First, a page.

The Walleye



6 CoverStory: Pizza Joints inThe Bay

■ 7 Caesar’s Place ■ 8 Outdoor Pizza Ovens ■ 9 Brule Creek Farms ■ 10 Panzerotti or Calzone? ■ 11 Top 10 Pizza Movies ■ 12 Peartree Bakery FOOD

■ 14 Churrasqueira Galo Inc. ■ 16 The Walleye Pie ■ 17 Think Outside the Pizza Box



■ 18 Biindigaate Film Festival ■ 19 Hard Time ■ 19 Bay Street Film Fest Picks ■ 20 Thunderstone Pictures THE ARTS

■ 22 Satellite Studio ■ 22 Rosemary Sloot ■ 23 Victor Oriecuia CITYSCENE

24 What Do You Think I’m Made Of?

■ 25 Philosophy Society ■ 26 Tara Tries Out... Fly Fishing ■ 27 School Garden Tour




■ 28 Music for the Masses ■ 29 Ojibwe Landscapes ■ 30 Burnin’ to the Sky:

40 Zumba at World Dance Centre

■ 41 Finding the Better Pizza Pie

Bob Dylan

■ 31 Boy Castle ■ 32 TBSO Chorus Auditions ■ 33 An Extra for An Evening ■ 34 Stone Temple Pilots ■ 35 Radio Waves Music Festival ARCHITECTURE

■ 38 Windrose



■ 42 EcoSuperior Question

of the month: Pizza Boxes

■ 43 Lars on Homes:

Summer Clean-Up

■ 16 Drink of the Month ■ 36 Off the Wall Reviews ■ 21 ZYGOTE bop ■ 44 September EVENTS ■ 45 The Wall ■ 46 The Eye


CHANGES consignment boutique

New and gently used clothing, footwear, jewelery, purses and accessories, Youth, ladies and men’s wear.

Make a “change” today

113 S. May St., (807) 285-0791 4

The Walleye

Find us on facebook


Hymers Fall Fair September 2–3 Hymers

Any event that can still be thriving after a century is doing something right. The theme for this year’s fair is “celebrate,” and there will be special events to commemorate the 100th anniversary, including a special class of contests. Maybe you can dust off your great-granny’s bread pudding recipe, crochet something using a 100-year-old pattern or enter a 100-year-old kitchen item or farm hand tool. As always, there will be plenty of food, daily contests, a variety of vendors, and hand-crafted treats. Remember to bring plenty of cash and consider taking the fair bus to save gas and ease traffic congestion. hymersfair. com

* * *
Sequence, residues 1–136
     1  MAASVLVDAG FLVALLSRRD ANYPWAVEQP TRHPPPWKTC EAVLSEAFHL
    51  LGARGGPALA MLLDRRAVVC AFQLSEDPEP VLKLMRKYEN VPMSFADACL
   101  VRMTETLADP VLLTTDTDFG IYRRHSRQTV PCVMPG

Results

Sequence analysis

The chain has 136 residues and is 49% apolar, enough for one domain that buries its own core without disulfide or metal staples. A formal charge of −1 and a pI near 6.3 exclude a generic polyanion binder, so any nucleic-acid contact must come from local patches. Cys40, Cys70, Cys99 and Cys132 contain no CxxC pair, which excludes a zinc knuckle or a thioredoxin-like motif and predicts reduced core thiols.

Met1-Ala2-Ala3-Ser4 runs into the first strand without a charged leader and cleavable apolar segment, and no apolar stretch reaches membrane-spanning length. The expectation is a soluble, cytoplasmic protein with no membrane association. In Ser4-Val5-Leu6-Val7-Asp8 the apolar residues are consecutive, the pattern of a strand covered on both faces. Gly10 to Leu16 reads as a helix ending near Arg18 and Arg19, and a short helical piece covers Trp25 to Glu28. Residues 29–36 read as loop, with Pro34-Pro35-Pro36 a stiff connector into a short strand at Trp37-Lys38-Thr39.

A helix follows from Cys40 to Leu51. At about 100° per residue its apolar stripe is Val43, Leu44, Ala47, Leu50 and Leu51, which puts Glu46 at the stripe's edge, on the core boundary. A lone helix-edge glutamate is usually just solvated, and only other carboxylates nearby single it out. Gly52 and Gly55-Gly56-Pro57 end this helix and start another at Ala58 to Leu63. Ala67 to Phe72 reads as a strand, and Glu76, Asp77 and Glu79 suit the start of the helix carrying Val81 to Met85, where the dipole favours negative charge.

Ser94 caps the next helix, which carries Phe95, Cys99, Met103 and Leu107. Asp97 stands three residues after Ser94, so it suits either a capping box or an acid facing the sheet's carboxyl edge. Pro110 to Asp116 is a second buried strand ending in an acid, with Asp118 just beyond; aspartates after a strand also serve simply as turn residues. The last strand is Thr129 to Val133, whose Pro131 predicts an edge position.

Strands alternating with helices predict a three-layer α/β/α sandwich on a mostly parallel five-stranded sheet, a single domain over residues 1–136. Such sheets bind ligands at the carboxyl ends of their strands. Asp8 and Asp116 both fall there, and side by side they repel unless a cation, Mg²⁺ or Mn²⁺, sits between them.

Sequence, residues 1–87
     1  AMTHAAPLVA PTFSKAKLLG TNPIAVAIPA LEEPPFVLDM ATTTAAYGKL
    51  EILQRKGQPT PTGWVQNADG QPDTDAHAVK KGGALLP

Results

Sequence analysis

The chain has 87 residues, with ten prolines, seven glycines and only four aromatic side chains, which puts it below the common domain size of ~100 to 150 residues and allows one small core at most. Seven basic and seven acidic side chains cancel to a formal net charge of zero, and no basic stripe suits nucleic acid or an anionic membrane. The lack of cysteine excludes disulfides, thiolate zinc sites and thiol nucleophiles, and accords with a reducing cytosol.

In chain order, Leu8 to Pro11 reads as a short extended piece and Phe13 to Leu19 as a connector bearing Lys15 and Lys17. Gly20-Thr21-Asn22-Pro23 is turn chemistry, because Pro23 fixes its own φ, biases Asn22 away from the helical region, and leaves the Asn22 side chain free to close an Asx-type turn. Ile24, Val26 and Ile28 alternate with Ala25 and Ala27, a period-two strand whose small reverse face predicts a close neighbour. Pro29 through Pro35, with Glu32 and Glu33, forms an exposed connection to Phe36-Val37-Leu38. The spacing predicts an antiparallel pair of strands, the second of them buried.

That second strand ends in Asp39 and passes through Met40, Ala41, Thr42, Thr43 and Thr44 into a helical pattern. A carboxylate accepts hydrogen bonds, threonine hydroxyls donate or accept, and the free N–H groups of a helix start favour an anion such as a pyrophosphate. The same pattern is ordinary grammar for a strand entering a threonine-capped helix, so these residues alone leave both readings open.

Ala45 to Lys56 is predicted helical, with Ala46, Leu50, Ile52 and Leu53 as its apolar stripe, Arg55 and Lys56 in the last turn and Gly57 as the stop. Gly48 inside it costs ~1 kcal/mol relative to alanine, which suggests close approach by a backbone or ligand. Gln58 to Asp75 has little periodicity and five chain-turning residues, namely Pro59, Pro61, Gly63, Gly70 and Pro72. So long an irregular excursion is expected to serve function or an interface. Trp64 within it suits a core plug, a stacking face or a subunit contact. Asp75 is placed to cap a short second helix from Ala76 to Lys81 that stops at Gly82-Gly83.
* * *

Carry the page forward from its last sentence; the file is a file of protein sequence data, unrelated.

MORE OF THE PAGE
Bay Street and Biindigaate Film Festivals September 6–9 / September 27–30 314 Bay St. & Magnus Theatre / Paramount Theatre

September is our film month in Thunder Bay, and it starts with the Bay Street Film Festival. The selection committee always does a superb job assembling a lineup of films that is diverse, entertaining, informative, and relevant to our community. Last year’s festival featured 42 films from 12 different countries showcasing the work of international, Canadian, and local filmmakers. Be sure to check out the exhibits, presentations—including those by visiting filmmakers—and panel discussions. This is the place to make connections. Later in the month, the Biindigaate Film Festival will celebrate indigenous films and filmmakers. This year marks the fourth anniversary of the festival which, among its goals, aims to create access to indigenous films within Northwestern Ontario, share indigenous perspectives from around the world, and increase awareness of indigenous cultures and peoples.


First Ever, Right Deadly, Disc Golf Tournament

September 15 Birch Point Park, Boulevard Lake